Golf, Another Privatization Possibility

Did you know that Albuquerque taxpayers are subsidizing golfers? Taxpayers of Albuquerque, the major city with the highest property tax burden (check pages 3 and 4) in New Mexico, are paying for General Obligation bonds to install a new, $1.5 million irrigation system at Ladera Golf Course Taxpayers are paying an additional $500,000 for other city golf courses (according to an article on page 9 of this publication). This, despite the fact that city golf courses are supposed to be operated as an “enterprise” within the city budget.

The problem is that greens crews at Ladera and the other municipal golf courses in Albuquerque (Arroyo del Oso, Los Altos, and Puerto del Sol) all hire highly-paid, unionized city workers (read the article at the top of page 21 of this publication). Worse, at least at Ladera, the unionized grounds keepers (making $18 to $20 to cut grass) have repeatedly damaged the golf course, making it less playable and, perhaps even resulting in costly repairs.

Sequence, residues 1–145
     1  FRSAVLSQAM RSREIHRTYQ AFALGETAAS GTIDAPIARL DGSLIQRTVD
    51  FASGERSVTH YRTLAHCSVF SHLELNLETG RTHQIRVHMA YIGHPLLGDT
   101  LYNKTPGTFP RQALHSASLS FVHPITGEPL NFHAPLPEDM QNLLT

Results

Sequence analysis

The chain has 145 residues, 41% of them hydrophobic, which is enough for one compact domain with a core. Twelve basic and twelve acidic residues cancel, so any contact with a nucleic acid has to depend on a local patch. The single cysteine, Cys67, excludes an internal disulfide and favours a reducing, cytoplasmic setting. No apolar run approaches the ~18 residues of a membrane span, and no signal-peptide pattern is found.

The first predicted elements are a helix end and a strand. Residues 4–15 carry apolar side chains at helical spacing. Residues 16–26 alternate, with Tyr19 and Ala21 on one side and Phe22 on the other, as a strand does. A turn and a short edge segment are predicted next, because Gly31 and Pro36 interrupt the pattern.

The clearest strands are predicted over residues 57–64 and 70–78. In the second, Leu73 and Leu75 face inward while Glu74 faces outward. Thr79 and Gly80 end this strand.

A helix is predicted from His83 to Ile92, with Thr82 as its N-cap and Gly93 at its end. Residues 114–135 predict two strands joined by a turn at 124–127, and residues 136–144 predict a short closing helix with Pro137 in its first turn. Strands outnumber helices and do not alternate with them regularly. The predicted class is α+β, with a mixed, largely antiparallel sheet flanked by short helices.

I just wrote about the need for government efficiency and specifically mentioned golf courses as an area of improvement through privatization. Perhaps Albuquerque could take a lesson (just this one time) from Detroit, where the city has privatized golf course management and actually earned $250,000 annually on its golf courses rather than asking overburdened taxpayers for ever-more. With workers paid at private rates and more flexible work rules, I’ll bet Albuquerque’s golf courses, located in a far better climate than Detroit’s, could turn a profit and become truly first-class courses as well.